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How to measure for future potential when hiring

Future potential.

How often have you been asked to search for it and prize it in future employees? How often has it made it into mantras and best practices of talent organizations? How often is it seen as some key ingredient to the future dominance of a team, department, or organization?

And yet, how often has it crossed the boundary from a lofty construct defined only by a feeling (i.e. “I’ll know it when I see it”) to a detectible, measurable attribute of candidates?

Future potential can be hugely valuable to an organization. It can enable organizations to hire cheaper, less experienced talent as an investment in future strength. It can expand the possibilities of what the team and organization can accomplish over time.

And it can increase flexibility and adaptability mitigating the risk of unforeseen future obstacles.

But to truly achieve the value of future potential, you must be able to define, detect, and measure it.

Flavors of potential

Before diving into defining potential, it helps to think of potential in two categories. Namely, to follow a defined career path and to feed organization evolution.

Defined career path potential is the ability for a candidate to progress down a purposefully designed path of steps and promotions. They could be progression within the same department from entry through senior level positions, they can include crossing into management positions, and/or they can be progressions that cross disciplines and teams.

For example: associate sales rep -> sales rep -> executive sales rep

For example: engineer I -> engineer II -> engineer team lead -> director engineering

For example: customer service rep -> senior services rep -> pre-sales consultant

Independent of the path, these defined career paths have one or more of the following attributes:

  • Defined set of skills and abilities required to move from one position to the next

  • Career progression activities (such as employee evaluations) that periodically track progress toward the next step

  • Examples of individuals who have progressed through the path

Organization evolution is the changes in the organization and the teams within it over time due to strategy or external pressures. It is all the ways the job itself will change over time to remain relevant and valuable to the organization.

For example, a pandemic forces organizations to adopt virtual practices requiring greater skills in virtual communication, collaboration, technology, and execution.

For example, a strategy moves the organization to an ‘on demand’ model requiring a fundamental shift in content generation, technology for content distribution, and marketing.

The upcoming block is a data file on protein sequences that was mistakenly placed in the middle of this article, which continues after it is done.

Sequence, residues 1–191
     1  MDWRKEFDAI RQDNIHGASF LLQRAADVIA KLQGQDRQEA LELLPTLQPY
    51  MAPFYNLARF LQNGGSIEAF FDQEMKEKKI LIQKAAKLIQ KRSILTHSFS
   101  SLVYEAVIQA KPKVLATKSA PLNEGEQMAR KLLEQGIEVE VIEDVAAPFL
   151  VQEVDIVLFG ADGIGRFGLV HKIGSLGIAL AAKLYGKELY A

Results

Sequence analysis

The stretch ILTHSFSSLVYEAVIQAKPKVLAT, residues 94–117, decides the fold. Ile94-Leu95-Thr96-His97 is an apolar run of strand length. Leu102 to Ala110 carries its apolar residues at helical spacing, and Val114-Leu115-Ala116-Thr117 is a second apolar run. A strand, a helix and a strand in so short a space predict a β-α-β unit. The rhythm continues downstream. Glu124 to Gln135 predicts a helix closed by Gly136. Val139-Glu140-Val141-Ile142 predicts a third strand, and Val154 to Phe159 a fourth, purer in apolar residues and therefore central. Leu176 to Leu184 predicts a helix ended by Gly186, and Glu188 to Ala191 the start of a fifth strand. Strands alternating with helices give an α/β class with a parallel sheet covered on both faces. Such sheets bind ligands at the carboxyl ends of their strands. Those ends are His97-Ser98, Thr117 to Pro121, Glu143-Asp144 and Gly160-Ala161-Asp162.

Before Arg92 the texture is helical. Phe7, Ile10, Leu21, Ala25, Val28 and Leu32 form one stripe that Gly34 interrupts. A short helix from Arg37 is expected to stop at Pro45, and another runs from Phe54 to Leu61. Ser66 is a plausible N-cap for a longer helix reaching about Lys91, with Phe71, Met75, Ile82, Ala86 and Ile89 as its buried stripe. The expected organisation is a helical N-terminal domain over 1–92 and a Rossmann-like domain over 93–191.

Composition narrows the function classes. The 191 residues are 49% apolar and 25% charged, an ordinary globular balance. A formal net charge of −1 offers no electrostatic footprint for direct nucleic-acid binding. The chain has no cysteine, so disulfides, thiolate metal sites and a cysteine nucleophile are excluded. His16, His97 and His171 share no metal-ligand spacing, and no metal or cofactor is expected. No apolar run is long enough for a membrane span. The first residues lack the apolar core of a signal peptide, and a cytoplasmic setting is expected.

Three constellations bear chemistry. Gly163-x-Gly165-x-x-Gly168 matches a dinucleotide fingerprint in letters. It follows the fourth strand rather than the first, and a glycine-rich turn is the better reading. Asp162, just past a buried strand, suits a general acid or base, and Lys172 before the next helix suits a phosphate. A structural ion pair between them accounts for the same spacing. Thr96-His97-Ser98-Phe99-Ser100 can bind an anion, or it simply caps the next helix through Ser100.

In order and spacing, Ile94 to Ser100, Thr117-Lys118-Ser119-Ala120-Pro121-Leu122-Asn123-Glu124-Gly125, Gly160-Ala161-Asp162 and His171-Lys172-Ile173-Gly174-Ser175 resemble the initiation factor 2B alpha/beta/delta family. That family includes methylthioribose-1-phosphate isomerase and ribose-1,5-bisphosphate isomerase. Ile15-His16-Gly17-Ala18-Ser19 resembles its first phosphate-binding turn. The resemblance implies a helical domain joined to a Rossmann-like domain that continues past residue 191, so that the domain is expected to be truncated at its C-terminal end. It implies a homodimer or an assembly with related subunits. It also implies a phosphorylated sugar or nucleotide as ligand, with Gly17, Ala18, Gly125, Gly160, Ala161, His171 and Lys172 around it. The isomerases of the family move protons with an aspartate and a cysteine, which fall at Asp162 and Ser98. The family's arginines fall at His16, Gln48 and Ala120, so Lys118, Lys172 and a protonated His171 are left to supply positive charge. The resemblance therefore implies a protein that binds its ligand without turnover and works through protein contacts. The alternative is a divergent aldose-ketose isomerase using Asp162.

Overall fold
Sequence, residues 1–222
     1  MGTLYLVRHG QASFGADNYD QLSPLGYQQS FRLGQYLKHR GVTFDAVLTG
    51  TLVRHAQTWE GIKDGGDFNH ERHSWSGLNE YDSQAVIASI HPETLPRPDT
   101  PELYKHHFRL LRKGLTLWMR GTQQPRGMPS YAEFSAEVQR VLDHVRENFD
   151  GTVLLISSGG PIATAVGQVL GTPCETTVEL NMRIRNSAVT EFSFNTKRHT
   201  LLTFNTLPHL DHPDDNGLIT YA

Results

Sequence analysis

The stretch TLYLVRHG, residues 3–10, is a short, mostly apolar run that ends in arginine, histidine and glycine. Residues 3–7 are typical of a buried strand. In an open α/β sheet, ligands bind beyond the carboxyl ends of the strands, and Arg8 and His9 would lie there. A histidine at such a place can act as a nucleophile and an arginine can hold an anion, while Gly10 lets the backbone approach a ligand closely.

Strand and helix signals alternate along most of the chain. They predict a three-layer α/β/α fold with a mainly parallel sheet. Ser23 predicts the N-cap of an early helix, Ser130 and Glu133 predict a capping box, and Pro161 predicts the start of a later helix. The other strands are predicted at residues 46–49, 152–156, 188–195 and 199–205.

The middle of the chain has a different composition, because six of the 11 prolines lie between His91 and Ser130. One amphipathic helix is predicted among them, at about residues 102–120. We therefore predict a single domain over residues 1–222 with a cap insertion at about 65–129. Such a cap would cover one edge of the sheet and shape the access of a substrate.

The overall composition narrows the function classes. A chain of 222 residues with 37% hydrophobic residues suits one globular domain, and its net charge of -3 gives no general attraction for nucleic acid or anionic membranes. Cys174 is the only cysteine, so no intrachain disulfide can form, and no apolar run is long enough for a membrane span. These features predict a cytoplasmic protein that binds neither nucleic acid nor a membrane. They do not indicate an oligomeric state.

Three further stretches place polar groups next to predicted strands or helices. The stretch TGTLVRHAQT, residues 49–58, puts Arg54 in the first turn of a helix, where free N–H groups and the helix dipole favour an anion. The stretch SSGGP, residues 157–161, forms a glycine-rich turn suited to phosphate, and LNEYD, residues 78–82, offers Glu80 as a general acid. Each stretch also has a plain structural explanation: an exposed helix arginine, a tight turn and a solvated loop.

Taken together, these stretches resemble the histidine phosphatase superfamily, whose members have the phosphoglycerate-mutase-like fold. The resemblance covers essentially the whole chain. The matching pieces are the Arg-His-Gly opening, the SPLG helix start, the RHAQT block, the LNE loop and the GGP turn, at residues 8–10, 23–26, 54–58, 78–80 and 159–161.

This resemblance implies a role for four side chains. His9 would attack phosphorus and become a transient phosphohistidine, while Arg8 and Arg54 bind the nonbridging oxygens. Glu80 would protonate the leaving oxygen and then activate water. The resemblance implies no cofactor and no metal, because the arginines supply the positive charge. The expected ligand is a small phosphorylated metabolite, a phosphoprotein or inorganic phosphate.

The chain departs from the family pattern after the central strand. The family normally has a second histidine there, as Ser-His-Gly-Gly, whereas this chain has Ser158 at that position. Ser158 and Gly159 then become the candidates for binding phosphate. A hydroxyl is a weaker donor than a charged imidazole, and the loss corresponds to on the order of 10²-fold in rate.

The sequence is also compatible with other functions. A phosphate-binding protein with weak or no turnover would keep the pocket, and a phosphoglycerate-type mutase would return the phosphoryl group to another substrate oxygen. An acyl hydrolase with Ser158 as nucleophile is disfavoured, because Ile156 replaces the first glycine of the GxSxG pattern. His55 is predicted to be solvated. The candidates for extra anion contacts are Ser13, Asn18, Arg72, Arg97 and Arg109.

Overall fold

Unlike defined career paths, these demands are a lot less predictable. However, there are often hints that can help define the potential:

  • Trends in the industry or organization

  • Governing strategies or strategic shifts

  • Gaps in organization/team abilities that leave the organization vulnerable to sudden shifts

With these two flavors of potential in mind…

Define the potential

To identify potential, you must first answer the question – potential for what? In other words, what is it that you want the candidate to achieve in the future for which they require potential?

Here are a few questions to help guide answering that question:

For defined career path:

1) What are the various career paths for this position? (Note: “none” is a perfectly valid answer.)

2) For each step of the career progression, what are the key skills and abilities to successfully progress?

3) Which career paths are most valuable for the organization?

Valuable career paths are those that cultivate talent not easily or affordably found. From a DEI perspective, this can also be used to cultivate missing demographics into talent pools.

For example: an organization has a lot of trouble finding skilled labor to operate specific machinery so it relies on cultivating that talent from within.

For example: while the organization has no problems hiring women and people of color into entry-level engineering roles, there are few qualified to join the management ranks. Therefore, the majority of the diversity in management is currently through promoting talent from within.

Honesty is key for the success of this exercise. If there is no career path or if cultivating talent is not a strength or a funded initiative in the near future, hiring for career path progression potential is not only a waste, it can be detrimental. Candidates with strong potential and no path will likely grow restless and seek opportunities elsewhere.

For organization evolution:

1) What will the team/organization have to do differently next year and beyond to meet funded strategic initiatives?

2) What may the team/organization be forced to do differently based on industry, economic, or other major trends?

3) Where does the team/organization have weaknesses that leave them vulnerable if something goes wrong?

Like any ‘predict the future’ analysis, these questions are not simple and have no right answer. However, there is ‘directionally accurate’ – or answers that provide focus to measuring potential for what the organization believes is important. For the best results, don’t do this alone. Rather, work with hiring managers, executives, company strategists, etc.

For example: the HR team is scheduled to purchase a new HRIS by the end of next year. This will be the first major purchase in over five years, and the team is not currently comfortable with new technology. Therefore, HR will likely have to evolve to include technology evaluation, implementation, and adoption over the next two years.

For example: Thanks to the pandemic, the industry is heavily shifting away from physical stores to online and blended retail models. The traditional brick-and-mortar organization now has a five-year plan to shift to a blended model to balance in-person experience with online ease. As a result, marketing must evolve from a product and in-store focus to an experience-based focus dominated by social media and campaigns embedded in entertainment media.